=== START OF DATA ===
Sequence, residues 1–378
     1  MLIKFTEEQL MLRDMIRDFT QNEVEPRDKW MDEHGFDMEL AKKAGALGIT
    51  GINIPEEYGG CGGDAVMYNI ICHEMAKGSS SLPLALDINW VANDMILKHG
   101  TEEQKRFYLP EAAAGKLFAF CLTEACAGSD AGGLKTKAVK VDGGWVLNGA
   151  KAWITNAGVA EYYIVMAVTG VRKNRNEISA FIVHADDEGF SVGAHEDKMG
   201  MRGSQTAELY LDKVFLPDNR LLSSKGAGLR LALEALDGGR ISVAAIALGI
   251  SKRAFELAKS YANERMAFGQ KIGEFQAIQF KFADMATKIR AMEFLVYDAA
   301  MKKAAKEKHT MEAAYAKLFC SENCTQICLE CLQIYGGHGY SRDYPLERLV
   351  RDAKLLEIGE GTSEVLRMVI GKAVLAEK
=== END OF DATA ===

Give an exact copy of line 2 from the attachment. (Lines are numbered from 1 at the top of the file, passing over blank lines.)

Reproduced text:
     1  MLIKFTEEQL MLRDMIRDFT QNEVEPRDKW MDEHGFDMEL AKKAGALGIT